If you are pushing up against corporate resistance to innovation, then it might be time to switch tactics. Gijs van Wulfen explains a better way of dealing with the company’s immune response.

As ideation facilitator I observe the tangible struggle managers have with innovation. In my new book ‘Creating innovative Products & Services’ I have listed 10 factors that cause these struggles, which I call innovation blockers:

  1. As manager you are much too busy with the current turnover and profits. Especially at publicly traded companies all the focus is on the net results of this quarter.
  2. Due to the success in the past you are trapped in the process whereby old successful formulas are constantly being varied. Which only leads to brand extensions, with a high level of cannibalisation.
  3. Dividing companies into business units, market and product groups works against innovation as real new concepts usually do not fit into any of these definitions. Therefore in practice units tend to work more against each other rather than with each other.
  4. The urgency to innovate is absent and is only felt at the scarce moments when the competition has already attacked and ‘it hurts’ the turnover, market shares and profit.
  5. Even though much market research has been done, there is a lack of insight with managers into the motives, needs and problems of the customers, in other words real customer insights.
  6. A structured innovation process is either non-existent or the stage-gate process is organised so bureaucratically with so much ‘paperwork’ that the innovation pipeline gets blocked.
  7. Customers are not involved in the innovation process or only get involved at a very late phase.
  8. Money, manpower and management support for innovation are not structurally available but on an ad hoc basis and only on those occasions when it is necessary to ‘put out any small fires’.
  9. As manager you hardly dare to take risks as you fear that one mistake or one ambitious new product, which fails, might cost you a promising career.
  10. At the start of the process, the innovation pipeline is not systematically filled with sufficient pioneering and appealing ideas for new products, services and business models.

When I was a marketer in the fast moving consumer goods sector I was blocked by many of these obstacles for a pretty long period. And what to do then? If you start fighting them, it will turn your colleagues and bosses against you. You will lose the internal support you desperately need to ideate and implement new concepts successfully. You even run the risk they will consider you as a kind of 2011 version of Don Quichotte de la Mancha, the Spanish guy who fought windmills.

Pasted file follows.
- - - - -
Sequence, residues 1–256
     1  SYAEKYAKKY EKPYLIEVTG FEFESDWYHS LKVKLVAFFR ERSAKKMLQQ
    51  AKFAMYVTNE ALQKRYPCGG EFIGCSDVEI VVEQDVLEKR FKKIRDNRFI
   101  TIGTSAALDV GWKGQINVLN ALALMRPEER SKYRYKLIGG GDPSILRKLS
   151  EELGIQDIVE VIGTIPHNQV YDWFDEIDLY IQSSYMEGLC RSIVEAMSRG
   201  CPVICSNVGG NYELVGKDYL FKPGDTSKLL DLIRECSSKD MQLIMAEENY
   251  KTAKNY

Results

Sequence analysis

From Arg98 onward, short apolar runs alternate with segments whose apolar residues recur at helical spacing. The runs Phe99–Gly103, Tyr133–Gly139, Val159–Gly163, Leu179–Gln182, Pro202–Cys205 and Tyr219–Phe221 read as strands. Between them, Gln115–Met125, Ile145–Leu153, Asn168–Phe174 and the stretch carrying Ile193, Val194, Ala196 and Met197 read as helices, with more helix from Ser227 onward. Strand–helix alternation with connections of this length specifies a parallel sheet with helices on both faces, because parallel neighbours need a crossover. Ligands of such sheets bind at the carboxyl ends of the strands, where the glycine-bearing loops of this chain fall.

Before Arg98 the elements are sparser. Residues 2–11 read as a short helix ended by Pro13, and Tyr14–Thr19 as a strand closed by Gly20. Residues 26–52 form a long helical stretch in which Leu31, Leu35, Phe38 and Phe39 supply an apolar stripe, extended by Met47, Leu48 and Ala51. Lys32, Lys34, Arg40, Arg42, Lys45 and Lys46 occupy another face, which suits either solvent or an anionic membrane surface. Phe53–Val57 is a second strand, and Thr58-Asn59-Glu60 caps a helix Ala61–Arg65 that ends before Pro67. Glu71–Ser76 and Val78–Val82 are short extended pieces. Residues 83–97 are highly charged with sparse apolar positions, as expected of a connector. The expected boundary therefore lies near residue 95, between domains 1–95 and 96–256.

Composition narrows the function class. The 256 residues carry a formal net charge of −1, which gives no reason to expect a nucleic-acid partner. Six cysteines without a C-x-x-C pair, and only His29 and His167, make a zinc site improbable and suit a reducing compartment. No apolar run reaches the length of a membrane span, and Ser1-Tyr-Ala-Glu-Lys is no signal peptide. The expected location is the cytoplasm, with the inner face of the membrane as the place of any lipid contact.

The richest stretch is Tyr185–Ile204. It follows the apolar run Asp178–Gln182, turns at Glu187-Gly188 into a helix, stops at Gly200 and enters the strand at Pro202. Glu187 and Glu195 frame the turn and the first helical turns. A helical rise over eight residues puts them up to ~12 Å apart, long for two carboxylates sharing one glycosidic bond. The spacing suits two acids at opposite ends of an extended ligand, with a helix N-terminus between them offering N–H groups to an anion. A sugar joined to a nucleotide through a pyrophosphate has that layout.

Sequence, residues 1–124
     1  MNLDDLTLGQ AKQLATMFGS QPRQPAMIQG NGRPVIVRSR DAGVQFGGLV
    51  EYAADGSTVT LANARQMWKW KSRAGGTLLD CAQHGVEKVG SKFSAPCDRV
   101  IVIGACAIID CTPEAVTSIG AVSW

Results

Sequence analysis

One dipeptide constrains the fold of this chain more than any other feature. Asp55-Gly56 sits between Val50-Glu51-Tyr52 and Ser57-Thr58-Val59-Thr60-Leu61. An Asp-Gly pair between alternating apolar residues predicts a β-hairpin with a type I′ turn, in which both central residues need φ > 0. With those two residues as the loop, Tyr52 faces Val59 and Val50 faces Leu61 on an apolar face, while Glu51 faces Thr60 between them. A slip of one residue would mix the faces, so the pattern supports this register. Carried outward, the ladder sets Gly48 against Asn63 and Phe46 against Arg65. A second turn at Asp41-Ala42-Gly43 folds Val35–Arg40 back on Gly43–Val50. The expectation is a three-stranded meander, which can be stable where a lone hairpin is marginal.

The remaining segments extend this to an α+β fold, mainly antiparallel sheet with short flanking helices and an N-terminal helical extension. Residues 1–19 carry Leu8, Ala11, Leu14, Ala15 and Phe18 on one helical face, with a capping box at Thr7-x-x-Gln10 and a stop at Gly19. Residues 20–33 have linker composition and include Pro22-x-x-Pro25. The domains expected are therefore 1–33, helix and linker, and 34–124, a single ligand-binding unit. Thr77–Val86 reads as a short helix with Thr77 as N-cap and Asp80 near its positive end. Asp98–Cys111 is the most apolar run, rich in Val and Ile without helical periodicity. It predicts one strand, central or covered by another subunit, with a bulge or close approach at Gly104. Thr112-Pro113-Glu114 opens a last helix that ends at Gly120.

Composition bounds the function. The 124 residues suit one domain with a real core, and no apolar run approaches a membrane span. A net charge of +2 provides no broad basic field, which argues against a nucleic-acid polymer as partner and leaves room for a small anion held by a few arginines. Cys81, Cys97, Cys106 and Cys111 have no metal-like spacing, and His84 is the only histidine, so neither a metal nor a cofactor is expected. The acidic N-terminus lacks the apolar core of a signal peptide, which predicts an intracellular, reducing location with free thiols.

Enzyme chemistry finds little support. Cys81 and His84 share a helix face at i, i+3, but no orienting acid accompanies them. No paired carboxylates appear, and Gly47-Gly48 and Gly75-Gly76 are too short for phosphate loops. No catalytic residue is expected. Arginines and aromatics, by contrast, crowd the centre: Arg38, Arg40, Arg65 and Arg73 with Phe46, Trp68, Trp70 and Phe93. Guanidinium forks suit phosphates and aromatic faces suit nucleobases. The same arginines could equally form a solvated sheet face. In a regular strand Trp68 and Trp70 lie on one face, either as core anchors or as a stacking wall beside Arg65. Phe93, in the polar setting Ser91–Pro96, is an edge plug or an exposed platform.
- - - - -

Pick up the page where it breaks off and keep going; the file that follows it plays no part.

I have tried to fight these innovation blockers myself. And got frustrated many times. These forces are often much stronger than you are. But just be patient is an answer that for many innovators is not acceptable.

So my advise to you is to fight back, but not in the ordinary way. You need help from a stakeholder with the highest impact: the customer.

Learn to use your customer to create internal support and priority for innovation. How? Here are several options: take your management team or your innovation board out for a day to:

  • Use your own products and the ones of your competitors themselves, and evaluate their experiences…
  • Meet the (B2C) target group live at their homes, schools or pubs. And mingle with them and see how they live in reality, which leads to endless opportunities for innovation…
  • Talk to several loyal but critical (B2C) customers and users, which will state that your products are outdated and they expect more…
  • Start listening to (B2B) ex-customers who recently switched to an     innovative product/service from your major competitors and are very satisfied…
  • Do a one-day-internship at your biggest (B2B) customers and work with your own product, just to experience themselves what current problems are…

After reflecting on these customer experiences, your Vice-Presidents may well convince themselves they should give innovation a higher priority and more resources.

And that’s the moment. That’s the moment to show them your innovative vision and your practical roadmap to start an ideation approach that will lead to the revolutionary concepts every customer is waiting for.

It’s a very important part of your job as an innovator to poke the fire and get the urgency for innovation going. Use your customer as most important weapon. And win.

About the author:

Gijs van Wulfen (The Netherlands, 1960) is the founder of the FORTH innovation method. FORTH is an effective and structured method for ideating innovative products and services. The method is published in his inspiring and practical book Creating Innovative Products and Services’ (Gower, 2011).

He helps organisations to kick start innovation by facilitating the FORTH innovation method and advising companies on their innovation strategy, process and organisation. His clients are international companies in industry and services, as well as non-profit organisations in government and health. Gijs also trains facilitators in his method. His dream is to make FORTH the most used method for the front end of innovation around the world.

Gijs is a both presenter and chairman at several (international) innovation conferences, like the ISPIM Conferences and the European Conference on Creativity and Innovation. He is also founder of the yearly Dutch Innovation Conference on creating new products: ‘Nieuwe Producten Bedenken’.